Books for Kids about Moving

When we left the US, my kids were 9, 6, and not-yet-born. We’re returning with a 15-year-old, a 12-year-old, and a nearly 6-year-old, each of whom will be facing the emotional and physical upheaval, all the challenges and changes associated with leaving here and starting somewhere new. New schools, new people, new rules, new climate, new almost everything.

When I face any challenge or change in life, I turn to books. Sometimes it’s purely for escape and other times it’s for answers, advice, or ideas of how to cope. So I’m making my book list. Here’s what I’ll be checking out at my local library or buying:

Alexander, Who’s Not (Do You Hear Me? I Mean It!) Going to Move by Judith Viorst. This is for the 4-8 crowd, and it consistently comes up with great reviews on lists of books about moving. Like Alexander, my daughter is adamantly opposed to moving, so I hope this book will offer her a relatable character and potential upsides to moving.

Moving by Fred Rogers. Written for preschoolers, this one may already be a little young for my daughter. But it’s by Mr. Rogers. Nuff said.

The Moving Book: A Kid’s Survival Guide by Gabriel Davis. This is non-fiction, which will appeal to my 12-year-old son. It looks to be for the 8-12 crowd, making it a little young for him, but WRITER ALERT!! There is a serious dearth of books about moving written for adolescents and teens!! Quick, write some more!! The book deals with both the practical and emotional aspects of moving. Again, this one appears on many moving day lists.

Moving Day by Ralph Fletcher. Written as a series of poems by a 12-year-old boy who is facing a move, this one also may be a little young for my own son. It seems to focus on the emotions associated with saying goodbye to the old rather than on those hello to the new. 

The Little House series by Laura Ingalls Wilder. I’ve been pushing these books on my 12-year-old for years because I just know he’d love them. He’s an outdoorsman, born to camp, fish, climb trees, and cook over an open fire. At this point, he may be a little old for them, but I started re-reading the series about a year ago and fell in love all over again. And man, that family is tough. When they move house, they MOVE HOUSE. They don’t have Skype or email or phones or plane tickets for visits home. When the Ingalls say goodbye to their grandparents in the big woods, it’s a forever goodbye. Kind of puts my own pain into perspective.

Then Again, Maybe I Won’t by Judy Blume. School Library Journal says this is for kids in grades 6-10. Tony is 13 and dealing not only with a family move, but also with the onset of puberty. This might hit close to home. I’m curious to find out if this book, first published in 1971, stands the test of time. I think it will. After all it’s by the incomparable Ms. Blume, writer of books kids need to read.

The Year My Parents Ruined My Life by Martha Freeman  Sixth grader Kate moves with her family from California to Pennsylvania, and hates everything about her new life. She makes a disastrous trip by herself back to California, and (not much of a spoiler) makes peace with the change. As she should. As you want your own kids to. The reviews are mostly good. I expect it will be relatively light-hearted and fun to read.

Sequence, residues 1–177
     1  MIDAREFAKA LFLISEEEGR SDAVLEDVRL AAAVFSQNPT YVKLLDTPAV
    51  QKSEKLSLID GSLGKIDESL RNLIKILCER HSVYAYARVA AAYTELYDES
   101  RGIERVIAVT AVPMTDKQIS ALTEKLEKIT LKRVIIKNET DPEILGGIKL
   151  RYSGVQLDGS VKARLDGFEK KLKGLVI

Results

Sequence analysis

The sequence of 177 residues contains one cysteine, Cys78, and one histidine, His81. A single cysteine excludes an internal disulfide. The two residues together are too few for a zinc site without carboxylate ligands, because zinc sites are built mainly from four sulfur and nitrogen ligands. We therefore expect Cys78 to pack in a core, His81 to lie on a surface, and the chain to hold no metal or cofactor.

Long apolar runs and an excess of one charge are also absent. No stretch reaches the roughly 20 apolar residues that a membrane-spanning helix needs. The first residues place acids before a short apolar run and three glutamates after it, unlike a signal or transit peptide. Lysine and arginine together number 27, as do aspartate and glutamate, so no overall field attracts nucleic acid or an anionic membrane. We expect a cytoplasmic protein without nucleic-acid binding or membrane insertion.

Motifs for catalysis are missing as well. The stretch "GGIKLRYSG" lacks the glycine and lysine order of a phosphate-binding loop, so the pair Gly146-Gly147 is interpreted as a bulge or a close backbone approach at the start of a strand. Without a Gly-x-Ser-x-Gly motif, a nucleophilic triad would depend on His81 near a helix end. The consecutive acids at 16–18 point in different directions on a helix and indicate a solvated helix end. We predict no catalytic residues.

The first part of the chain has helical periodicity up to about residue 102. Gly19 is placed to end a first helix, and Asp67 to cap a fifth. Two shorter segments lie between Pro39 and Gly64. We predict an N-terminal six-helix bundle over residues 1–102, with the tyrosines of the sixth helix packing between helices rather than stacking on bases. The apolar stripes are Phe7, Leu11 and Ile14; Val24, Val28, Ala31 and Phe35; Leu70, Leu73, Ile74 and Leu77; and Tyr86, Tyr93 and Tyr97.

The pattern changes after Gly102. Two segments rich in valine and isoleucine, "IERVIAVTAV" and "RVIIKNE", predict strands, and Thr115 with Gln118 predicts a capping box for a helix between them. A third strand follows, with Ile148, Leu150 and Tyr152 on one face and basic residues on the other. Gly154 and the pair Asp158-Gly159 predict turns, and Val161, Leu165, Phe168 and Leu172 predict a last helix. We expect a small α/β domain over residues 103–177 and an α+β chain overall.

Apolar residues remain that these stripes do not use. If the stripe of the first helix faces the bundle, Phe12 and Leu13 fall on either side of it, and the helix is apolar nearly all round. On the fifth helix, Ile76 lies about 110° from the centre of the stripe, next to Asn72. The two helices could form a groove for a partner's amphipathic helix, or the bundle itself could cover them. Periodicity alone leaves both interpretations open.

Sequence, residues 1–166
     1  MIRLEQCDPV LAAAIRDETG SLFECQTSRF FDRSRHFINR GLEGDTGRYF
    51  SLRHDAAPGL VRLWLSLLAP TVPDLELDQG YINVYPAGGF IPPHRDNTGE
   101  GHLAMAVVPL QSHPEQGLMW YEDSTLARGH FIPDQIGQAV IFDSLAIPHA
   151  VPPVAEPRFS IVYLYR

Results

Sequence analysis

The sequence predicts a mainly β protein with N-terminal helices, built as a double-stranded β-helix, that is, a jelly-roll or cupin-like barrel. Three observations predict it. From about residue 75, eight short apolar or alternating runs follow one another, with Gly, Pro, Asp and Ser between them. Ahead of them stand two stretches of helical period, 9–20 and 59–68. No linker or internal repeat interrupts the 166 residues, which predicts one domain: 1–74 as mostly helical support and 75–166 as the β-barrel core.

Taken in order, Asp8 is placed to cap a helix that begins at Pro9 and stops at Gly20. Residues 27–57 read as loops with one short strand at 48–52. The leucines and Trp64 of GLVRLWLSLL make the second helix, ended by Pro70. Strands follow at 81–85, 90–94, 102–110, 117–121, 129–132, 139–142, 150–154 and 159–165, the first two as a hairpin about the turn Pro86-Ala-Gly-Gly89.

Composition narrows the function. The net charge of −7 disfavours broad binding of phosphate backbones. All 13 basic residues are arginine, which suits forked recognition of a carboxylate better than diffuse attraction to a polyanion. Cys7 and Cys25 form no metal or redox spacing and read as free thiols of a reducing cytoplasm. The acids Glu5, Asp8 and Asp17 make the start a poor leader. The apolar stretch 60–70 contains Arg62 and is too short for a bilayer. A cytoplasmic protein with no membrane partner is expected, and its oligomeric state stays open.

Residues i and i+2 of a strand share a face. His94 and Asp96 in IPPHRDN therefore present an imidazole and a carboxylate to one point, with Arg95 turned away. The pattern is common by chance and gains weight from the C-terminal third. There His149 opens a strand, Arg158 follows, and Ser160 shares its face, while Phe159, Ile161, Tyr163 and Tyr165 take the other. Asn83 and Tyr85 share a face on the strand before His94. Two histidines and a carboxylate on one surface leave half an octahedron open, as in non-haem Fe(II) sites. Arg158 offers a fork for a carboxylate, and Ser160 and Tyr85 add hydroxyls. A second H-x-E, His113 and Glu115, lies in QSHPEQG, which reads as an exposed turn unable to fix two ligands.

Military Kids Speak: Celebrating the Way You Think about Being a Military Kid by Julie Rahm. I’ve tended to stay away from military books. Although we used to be a military family, I’ve never been good with the rah-rah, it’s all for the greater good, sacrifice and stiff upper lip stuff. However, this book intrigues me. It starts with a collection of essays written by military kids aged 10-16. They discuss the tough stuff about moving all the time, but also the perks. The second half of the book is a collection of interviews with famous former military kids. Role models! Of which I am not one. I can’t even quite fathom what it’s like to be my oldest son, who at 15 is facing his seventh move. He’s lived in four American states and four countries. I didn’t even fly on a plane until I was 19.

Club Expat: A Teenager’s Guide to Moving Overseas by Aniket Shah and Akash Shah. Another non-fiction offering, this book is written by a couple of teens who have traveled the world with their family. The reviews are positive, and it sounds like a decent offering for my 15-year-old.

The Year My Life Went Down the Loo by Katie Maxwell. 16-year-old Emily is forced to move with her family from Seattle to a small English village for a year. This mirrors – sort of – what we did two years ago, and I’m pretty sure my own teen (13 at the time) would have related to the title if nothing else. It sounds like a funny, lighthearted, upbeat read, and sometimes when you’re going through a tough transition, that’s precisely what you need. Escapism is good. 

So what did I miss? Do you know any great books for dealing with moving?


An Interview with Jennifer Gooch Hummer

I read the fabulous YA novel, Girl Unmoored, last summer and fell in love with the main character Apron, her story, and author Jennifer’s gorgeous way with words.

Girl Unmoored

Tell us about Girl Unmoored.
Girl Unmoored is about a teen girl growing up Maine who is drowning in a sea of grief after the loss of her mother. Until she meets Jesus. Not the real one, of course, but the actor who plays him in Jesus Christ Superstar. Mike and Apron and Mike’s boyfriend, Chad, become Apron’s new family and in so doing save her.

Apron is thirteen years old in 1985, when AIDS hit mainstream awareness. Did you sit down to write a story about an eighties teen?
No. I started writing the beginnings of this book when I was ten years old. It took until I met my real-life friend Mike, to find Apron’s story. I had her character all along, but I needed more than just Apron’s heartbreak at her mother’s death. I met Mike in the late 80’s which was just when the AIDS epidemic hit America.

What is the writing process like for you? Do you know where your story will go from the beginning? In other words, are you a plotter or a pantser?